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Postmodern fiction is a specific kind of contemporary fiction that uses a postmodern philosophical perspective to address its audience. This sort of fiction and literature has certain distinct characteristics that mark it as belonging to this genre. While many experts may disagree on exactly what constitutes postmodern fiction, many libraries and similar institutions have been able to identify this category, and compile lists of novels that constitute some of the most significant examples of this type of writing.
In general, postmodern fiction is part of a greater art form, where works of literature, music, theater, and visual arts can all be identified as postmodern. Many arts analysts use the abbreviation “pomo” to identify postmodern works. In the overall context of the greater art world, postmodern art represents something new and relatively innovative, as well as often eclectic and broadly produced.
Among the characteristics that make up postmodern types of fiction, some experts point out that this type of literature makes advanced use of concepts like semantics or word associations, and semiotics, or the use of symbols. Other examples include philology, ideas that relate to how people process incoming stimuli. For this reason, many consider postmodern fiction to be highly ‘technical’, or less organic than previous artistic eras. Postmodern fiction tends to anticipate a lot of literary criticism, and uses literary symbolism rather aggressively, and even promoting the cliché or blatant reference.
Along with the technical aspect of postmodern type fiction, others identify broad emotional themes in this type of literature. For instance, some of the libraries that present postmodern fiction novel lists reference the use of irony as well as a certain sense of “play”, or active banishing of formalities, in this type of work. Postmodern fiction also tends to borrow concepts and ideas, as well as icons, symbols, and cognitive landmarks from older works of fiction or other artworks. This type of fiction may also borrow heavily from more abstract kinds of traditional ideas, such as those found in the Bible, Torah, Talmud, or Quran.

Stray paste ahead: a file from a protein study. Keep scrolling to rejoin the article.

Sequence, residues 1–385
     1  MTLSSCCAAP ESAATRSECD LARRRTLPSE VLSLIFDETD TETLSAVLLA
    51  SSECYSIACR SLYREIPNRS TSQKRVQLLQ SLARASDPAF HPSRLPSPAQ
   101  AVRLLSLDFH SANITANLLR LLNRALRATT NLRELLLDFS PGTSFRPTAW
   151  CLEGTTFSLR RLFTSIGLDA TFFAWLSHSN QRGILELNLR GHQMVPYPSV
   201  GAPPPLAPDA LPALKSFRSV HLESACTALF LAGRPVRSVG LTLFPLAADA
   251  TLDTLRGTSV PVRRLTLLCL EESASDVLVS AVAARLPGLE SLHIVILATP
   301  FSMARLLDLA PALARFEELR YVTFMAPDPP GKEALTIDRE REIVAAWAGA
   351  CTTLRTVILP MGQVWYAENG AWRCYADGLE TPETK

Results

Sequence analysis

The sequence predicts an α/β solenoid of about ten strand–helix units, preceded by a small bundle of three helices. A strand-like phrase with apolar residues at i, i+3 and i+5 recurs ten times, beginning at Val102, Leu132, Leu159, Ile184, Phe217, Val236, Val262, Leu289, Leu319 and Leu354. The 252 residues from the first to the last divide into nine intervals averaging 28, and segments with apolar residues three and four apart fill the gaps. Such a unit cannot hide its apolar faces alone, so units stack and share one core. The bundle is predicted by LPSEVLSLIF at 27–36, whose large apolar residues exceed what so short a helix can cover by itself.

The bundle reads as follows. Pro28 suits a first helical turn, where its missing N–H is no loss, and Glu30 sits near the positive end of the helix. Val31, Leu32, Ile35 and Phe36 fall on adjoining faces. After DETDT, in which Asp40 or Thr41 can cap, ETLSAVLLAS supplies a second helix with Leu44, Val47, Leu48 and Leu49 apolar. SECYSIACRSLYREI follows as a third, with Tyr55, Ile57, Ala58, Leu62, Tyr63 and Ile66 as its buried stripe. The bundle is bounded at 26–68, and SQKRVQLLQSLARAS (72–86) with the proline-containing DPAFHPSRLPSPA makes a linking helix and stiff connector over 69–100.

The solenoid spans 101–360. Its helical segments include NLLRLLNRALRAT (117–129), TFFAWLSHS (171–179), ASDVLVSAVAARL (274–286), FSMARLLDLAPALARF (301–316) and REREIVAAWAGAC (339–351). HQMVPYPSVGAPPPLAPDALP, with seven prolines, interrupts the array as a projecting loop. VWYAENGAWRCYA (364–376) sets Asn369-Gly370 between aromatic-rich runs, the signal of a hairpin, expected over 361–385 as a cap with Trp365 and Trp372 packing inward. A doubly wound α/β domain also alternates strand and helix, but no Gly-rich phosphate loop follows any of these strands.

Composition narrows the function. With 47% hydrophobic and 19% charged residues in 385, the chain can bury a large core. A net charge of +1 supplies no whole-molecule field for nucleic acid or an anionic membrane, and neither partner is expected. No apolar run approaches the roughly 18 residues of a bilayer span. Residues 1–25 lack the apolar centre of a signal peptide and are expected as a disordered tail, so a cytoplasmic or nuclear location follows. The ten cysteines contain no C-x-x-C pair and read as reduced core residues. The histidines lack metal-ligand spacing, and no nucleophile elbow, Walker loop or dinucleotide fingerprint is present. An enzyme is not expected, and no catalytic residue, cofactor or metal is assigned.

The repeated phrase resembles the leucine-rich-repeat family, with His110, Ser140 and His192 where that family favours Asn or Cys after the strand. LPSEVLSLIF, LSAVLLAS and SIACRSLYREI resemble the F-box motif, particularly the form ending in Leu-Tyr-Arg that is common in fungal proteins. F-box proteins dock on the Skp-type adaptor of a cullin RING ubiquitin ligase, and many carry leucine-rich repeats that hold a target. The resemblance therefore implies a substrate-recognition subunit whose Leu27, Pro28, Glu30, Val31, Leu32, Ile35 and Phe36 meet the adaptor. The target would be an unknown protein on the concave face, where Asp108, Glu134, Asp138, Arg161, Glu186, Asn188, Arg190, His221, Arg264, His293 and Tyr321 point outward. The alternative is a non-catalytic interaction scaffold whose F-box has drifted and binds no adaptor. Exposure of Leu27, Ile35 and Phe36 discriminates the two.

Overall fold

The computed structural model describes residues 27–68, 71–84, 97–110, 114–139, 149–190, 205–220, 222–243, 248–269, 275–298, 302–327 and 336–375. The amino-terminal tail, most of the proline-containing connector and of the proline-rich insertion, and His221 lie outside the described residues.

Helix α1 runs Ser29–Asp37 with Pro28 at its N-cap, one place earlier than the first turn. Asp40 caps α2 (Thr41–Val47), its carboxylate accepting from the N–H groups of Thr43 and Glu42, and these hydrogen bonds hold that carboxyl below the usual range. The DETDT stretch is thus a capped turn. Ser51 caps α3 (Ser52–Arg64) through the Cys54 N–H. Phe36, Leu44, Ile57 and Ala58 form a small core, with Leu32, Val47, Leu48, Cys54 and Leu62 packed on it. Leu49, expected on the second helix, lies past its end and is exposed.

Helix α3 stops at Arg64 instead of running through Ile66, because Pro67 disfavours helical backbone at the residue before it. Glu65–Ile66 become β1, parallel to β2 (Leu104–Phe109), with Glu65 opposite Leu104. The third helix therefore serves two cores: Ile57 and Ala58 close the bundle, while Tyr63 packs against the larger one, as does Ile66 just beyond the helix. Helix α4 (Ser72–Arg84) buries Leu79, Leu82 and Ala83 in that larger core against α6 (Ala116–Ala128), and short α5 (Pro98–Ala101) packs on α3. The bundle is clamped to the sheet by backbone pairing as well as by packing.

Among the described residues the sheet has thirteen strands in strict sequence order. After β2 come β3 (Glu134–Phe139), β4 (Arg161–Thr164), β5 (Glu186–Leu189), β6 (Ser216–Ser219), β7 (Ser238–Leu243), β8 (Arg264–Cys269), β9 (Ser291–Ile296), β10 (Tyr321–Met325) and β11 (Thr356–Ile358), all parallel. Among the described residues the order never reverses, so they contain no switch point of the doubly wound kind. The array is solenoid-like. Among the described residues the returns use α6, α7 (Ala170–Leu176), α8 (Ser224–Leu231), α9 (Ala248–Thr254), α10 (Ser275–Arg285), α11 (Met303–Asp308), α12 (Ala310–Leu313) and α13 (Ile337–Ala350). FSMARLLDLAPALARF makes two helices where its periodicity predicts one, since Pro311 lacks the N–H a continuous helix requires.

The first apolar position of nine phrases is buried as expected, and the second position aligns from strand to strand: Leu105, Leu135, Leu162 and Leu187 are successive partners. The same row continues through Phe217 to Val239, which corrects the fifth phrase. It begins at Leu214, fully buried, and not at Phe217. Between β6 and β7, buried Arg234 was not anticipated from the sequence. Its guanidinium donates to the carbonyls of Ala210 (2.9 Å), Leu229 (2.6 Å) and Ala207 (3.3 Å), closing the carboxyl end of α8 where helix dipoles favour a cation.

In terms of its origin, many historians attribute the rise of the postmodern genre in fiction to the time period after World War II, though use of the term dates back to the late 1800s. Some will promote classic writers as possible inspirations for postmodern fiction. For example, the dissociative or stream of consciousness work of Dublin writer James Joyce has been linked to the postmodern. Also, the works of philosophers like Derrida have also been identified as contributions toward this particular art form, which many experts say often relies on a disconnection of ideas, a mental collage, or high incidence of non sequiter writing.